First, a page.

I use the word guru carefully. On a recent trip to India he was first described as "one of the world's most wonderful people"; then he was told he should be knighted. Finally he got the big one: "At the Rotary Club in Bombay I was told that in India I would be regarded as a Brahmin and a guru," he says.
His next book should be about his Indian visit. One morning he and his colleagues left in two taxis for a meeting just round the corner. At the bottom of the street one turned left and the other right. Ten minutes later, after a breakdown, the taxis met up again, drove down the street together - and again turned off in different directions. They eventually arrived after a circuitous 25-minute ride.
Then there was the one about the dog in Bangalore airport. A three-hour flight delay was officially put down to "operational difficulties", but it was clear from all the activity that there was a bomb scare. A clue was a man walking through the terminal surrounded by security men and with a labrador on a lead. The dog was sniffing all the luggage, and eventually went on to the tarmac to stick its nose into unloaded suitcases. What were they doing? the passengers asked. "Oh, that man's just taking his dog for a walk," the airport official said comfortingly.
I WOULD like to congratulate the Royal Bank of Scotland for turning that curse of the modern age, voicemail, into an art form. I rang it and got this message: "This is the Royal Bank of Scotland press office .... bleep, bleep, bleep."
Surreal, soothing but vaguely musical noises followed, continuing for an age. It quite cheered me up - and I didn't have to talk to a press officer.
I called Rank Xerox. "Document Company Rank Xerox," the operator said. Poor old Rank Xerox has been trying for as long as I can remember to pretend it isn't Rank Xerox.
The problem seems to be the Xerox bit, which makes people think it makes photocopiers. Well, it still does, but it doesn't want to be reminded of that fact. I suppose it was inevitable that it would eventually try to drop its name entirely and attempt to turn itself into a corporate euphemism.
ON THE same subject, I have been advised by those who follow these things that RTZ has become Rio Tinto, while Olivetti UK has become olsy uk, with the strapline "olivetti solutions".
Companies accepting that they made an appalling error when they became acronyms should be wildly applauded - but why has RTZ dropped the Zinc in its new guise? It would undoubtedly argue that it digs up more than zinc, but this is surely outweighed by the satisfying euphony of the old name.
I have a solution. Sir Terence Conran is setting up a chain of restaurants called Zinc. He must now buy Rio Tinto. I'm sure his merchant bank could come up with some excuse for getting into mining (the motto's ready to go: "Digging in all over the world").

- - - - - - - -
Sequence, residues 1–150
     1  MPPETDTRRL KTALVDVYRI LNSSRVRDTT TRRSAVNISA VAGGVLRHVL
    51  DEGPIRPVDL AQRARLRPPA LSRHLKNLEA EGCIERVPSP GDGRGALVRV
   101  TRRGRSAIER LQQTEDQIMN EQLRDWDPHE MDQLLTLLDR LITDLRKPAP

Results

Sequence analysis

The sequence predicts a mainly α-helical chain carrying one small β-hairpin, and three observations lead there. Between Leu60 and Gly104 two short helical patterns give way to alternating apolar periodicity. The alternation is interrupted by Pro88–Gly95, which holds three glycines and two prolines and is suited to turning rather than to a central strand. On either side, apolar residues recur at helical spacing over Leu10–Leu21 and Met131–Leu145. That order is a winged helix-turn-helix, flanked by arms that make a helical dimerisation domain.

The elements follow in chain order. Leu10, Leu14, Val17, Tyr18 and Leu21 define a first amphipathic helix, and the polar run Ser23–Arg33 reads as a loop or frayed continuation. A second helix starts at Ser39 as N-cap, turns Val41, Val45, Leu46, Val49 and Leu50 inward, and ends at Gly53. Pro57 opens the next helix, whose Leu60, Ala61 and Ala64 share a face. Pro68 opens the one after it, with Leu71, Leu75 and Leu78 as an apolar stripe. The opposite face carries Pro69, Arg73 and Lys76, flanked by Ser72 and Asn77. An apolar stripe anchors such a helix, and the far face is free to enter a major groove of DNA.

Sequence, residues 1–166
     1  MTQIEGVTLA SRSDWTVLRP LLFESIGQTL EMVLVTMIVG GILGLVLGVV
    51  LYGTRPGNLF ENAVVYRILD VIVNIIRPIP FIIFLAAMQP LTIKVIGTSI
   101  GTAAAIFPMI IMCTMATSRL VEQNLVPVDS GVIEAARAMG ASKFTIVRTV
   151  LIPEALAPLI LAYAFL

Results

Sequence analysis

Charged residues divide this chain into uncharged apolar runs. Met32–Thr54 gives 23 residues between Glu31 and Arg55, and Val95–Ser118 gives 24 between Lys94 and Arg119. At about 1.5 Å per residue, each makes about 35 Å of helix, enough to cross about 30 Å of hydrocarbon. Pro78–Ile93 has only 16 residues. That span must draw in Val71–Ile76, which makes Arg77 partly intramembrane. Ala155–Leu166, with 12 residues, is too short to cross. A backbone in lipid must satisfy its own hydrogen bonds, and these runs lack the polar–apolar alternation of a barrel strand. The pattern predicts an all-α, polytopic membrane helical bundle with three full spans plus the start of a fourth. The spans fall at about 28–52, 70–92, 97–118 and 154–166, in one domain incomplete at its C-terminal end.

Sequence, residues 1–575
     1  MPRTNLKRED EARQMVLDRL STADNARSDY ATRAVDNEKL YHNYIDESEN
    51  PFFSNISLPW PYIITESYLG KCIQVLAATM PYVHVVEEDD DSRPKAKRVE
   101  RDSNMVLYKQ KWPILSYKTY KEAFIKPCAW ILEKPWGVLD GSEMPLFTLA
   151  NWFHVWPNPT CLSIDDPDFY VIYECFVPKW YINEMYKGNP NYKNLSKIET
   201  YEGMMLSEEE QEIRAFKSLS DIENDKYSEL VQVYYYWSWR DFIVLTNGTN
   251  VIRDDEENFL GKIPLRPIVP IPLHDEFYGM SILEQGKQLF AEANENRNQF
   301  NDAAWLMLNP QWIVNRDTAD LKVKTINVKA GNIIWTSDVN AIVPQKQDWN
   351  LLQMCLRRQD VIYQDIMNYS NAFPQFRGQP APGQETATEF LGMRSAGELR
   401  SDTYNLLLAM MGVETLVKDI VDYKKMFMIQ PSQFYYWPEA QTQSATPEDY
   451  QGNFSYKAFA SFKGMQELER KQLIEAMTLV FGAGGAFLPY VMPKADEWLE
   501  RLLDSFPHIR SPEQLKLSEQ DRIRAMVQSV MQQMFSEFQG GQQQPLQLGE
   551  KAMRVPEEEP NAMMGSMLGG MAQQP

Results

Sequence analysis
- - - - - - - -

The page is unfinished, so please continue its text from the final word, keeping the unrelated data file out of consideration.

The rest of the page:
As for olsy uk, what can you say? Only perhaps that it is better than olivetti solutions. Ugh.
THE reverberations from my "old advertisement" competition rumble on majestically. First Magy Higgs has brought this elderly French commercial to my attention: "Buvez Surf!". If the Surf in question is a washing powder, it does much to reinforce the impression that the French are indeed obsessed with inner cleanliness.
Then I got a nice letter from Sharron Trisk, following last week's piece about Sunny Jim and Force.
She says that in the 1950s her dad, who had worked his way up from being tea boy at a toy company, took it over and won the contract to make Sunny Jim dolls.
She remembers them being cut, filled and stitched. Her parents always said that Sunny Jim was a great help in making the company work, which shows that breakfast cereal really can be good for you after all.
Sniffing out debt
DEBT collection has reached new heights. Apparently some companies employ a man known as Mr Smelly to visit debtors and extract the dosh. Mr Smelly is well named, and the victims pay up to get rid of him. I have no idea if this is true, but it probably is because it comes third hand from a taxi driver.
HERE is a quote that will set you peeling the potatoes with vigour. It comes from Ken Burenga of Dow Jones: "We have a vision - a vision that blows away the limits of proprietary delivery systems, closed boxes and limited information. Where there aren't 'products', just capabilities packaged around your needs ... Full service from a single source. In an open environment. Your way ... We share a mind-set, a resolute confidence and a sleeves-rolled-up attitude that you can count on." What is Mr Burenga announcing? That Dow Jones Telerate is now called Dow Jones Markets. What would he say if he had something important to tell us?